I told her: "You're really not inspiring confidence in my coming over here."

The scary thing is, she didn't even say SHE WAS KIDDING. I know (really really hope) that she was, but she didn't say it, and it just caused me to be extremely uneasy.

Something similar to that happened on Father's Day. As we're packing up, getting ready to leave, my mom is holding her and says: "Yes, mama's got you."

My head whipped around and I said: "No! You are NOT her mother, you are her GRANDMOTHER." Again, she didn't say it was a slip or she was kidding or she MEANT to say grandmother or anything like that.

I gave Jake an earful on the way home. I sat there and ranted about my mom for the entire drive home.

Again, I feel it looming on the horizon. I'm either going to have to sit down and talk to her, or write her an email or SOMETHING, and tell her that this behaviour is not acceptable and she is making me increasingly uncomfortable about bringing Jessica around.

I just don't want to have that conversation because how do you say something like that tactfully.

"Sorry, we'd come around more, but we're afraid you're going to kidnap your granddaughter."

Yeah, I'd say that having a child has impacted my relationship with my parents. I'm not really looking forward to it. *Sigh*

-- Jolene (jolene@lanset.com), June 21, 2000.

My relationship with my parents got a lot closer after the birth of my son. I felt like I finally understood what they'd done for me.

I had spent years arguing and fighting with them and we simply don't do that any more. It's like we both grew up or something icky like that. :P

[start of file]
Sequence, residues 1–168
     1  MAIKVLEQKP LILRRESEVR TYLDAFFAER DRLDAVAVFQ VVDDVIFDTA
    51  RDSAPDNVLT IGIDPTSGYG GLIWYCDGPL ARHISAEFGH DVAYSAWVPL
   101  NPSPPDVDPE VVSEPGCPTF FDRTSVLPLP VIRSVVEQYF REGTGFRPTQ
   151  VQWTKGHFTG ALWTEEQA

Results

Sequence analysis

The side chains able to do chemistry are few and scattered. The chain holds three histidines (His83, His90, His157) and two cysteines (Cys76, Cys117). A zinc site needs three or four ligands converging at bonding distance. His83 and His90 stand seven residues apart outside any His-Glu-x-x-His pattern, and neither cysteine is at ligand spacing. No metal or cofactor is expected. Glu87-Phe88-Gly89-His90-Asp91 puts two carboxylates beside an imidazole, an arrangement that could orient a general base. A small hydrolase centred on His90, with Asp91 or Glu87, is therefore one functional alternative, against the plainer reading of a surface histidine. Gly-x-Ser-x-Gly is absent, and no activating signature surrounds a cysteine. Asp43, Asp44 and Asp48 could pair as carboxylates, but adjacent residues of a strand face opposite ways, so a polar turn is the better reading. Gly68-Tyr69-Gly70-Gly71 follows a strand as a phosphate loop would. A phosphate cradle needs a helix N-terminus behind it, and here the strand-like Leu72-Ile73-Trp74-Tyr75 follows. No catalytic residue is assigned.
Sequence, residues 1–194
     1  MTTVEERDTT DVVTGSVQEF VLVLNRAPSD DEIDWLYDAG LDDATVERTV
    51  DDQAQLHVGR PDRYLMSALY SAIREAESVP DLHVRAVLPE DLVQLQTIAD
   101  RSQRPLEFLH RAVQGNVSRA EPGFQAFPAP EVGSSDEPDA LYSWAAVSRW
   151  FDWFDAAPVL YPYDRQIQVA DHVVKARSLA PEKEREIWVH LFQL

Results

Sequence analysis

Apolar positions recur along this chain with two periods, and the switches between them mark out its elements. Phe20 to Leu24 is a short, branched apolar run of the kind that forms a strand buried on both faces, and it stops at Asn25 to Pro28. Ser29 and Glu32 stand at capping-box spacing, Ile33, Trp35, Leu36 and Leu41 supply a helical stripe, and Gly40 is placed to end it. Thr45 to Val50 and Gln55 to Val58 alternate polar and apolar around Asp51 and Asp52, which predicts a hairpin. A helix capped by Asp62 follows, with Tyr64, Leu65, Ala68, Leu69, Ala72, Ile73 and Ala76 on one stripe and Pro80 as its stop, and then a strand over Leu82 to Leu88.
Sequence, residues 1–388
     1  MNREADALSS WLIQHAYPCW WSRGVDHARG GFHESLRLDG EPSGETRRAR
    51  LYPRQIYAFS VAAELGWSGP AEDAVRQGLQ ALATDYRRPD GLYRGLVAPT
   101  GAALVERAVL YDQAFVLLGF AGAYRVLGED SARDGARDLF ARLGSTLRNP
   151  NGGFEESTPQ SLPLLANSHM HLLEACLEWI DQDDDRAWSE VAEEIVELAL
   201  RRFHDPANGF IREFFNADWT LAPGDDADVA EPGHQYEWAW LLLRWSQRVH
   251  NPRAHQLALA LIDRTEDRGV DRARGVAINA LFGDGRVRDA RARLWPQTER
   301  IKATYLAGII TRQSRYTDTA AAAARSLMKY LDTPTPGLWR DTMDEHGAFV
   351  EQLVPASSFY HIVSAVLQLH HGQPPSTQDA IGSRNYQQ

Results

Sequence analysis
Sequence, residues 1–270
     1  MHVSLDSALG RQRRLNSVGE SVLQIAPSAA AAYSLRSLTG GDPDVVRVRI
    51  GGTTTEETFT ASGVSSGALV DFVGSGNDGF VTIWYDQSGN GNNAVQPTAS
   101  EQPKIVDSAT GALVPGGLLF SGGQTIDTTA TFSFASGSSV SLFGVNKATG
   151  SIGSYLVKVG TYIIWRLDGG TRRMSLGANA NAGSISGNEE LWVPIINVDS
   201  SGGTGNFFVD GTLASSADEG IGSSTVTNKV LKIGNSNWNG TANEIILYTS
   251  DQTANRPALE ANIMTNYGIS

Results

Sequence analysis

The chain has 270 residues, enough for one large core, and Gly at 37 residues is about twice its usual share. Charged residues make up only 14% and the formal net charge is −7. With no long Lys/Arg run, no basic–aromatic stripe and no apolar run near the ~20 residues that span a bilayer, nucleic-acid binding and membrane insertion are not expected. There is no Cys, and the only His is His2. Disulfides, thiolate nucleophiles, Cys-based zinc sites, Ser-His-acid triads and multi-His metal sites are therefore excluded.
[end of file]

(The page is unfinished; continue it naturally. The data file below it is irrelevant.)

I think the most amazing thing is how good they are to my son, which is something Mike's mom is not great about. Russell is an afterthought to Mike's family because he's not blood. My parents know about this and take special pains to send Russell postcards, books, shirts and cards just to let him know he's special. My mom recently wrote him a letter telling him that he was their first grandchild and therefore, one of the most special.

Russell loved that. I loved them for telling him that, in the face of how jealous and left out he's felt with his sister and Mike's family's behavior.

The question I have is: How has having kids changed your relationship with your in-laws?

They're finally starting to accept Russell, after 3.5 years.


-- wendy (baewe@geocities.com), June 21, 2000.

gee, I asked the question and then never answered....

for me, it's been a mixed bag. for any of you that have read my journal, you know that I have a horrible if almost nonexistent relationship with my dad (don't get me started). becoming a father just reinforced my disbelief that he was able to just turn and leave the way that he did.

with my mom, it's helped in that watching her happily play with my kids is such a change of pace. my mom just normally isn't that cheerful of a person. but she feels needed again, and that makes life so much more meaningful.

inlaws? hmm. well, they are very loving to the magoos and overly generous of their time and money. but I can not say that it has affected my relationship with them. I just have different reasons to say "thank you". neither of them are the touchy-feely let's talk about emotions and life kinda folk that I get on best with...but I'm thankful that they are so kind to us.

-- Bob (and_if_I_die@hotmail.com), June 24, 2000.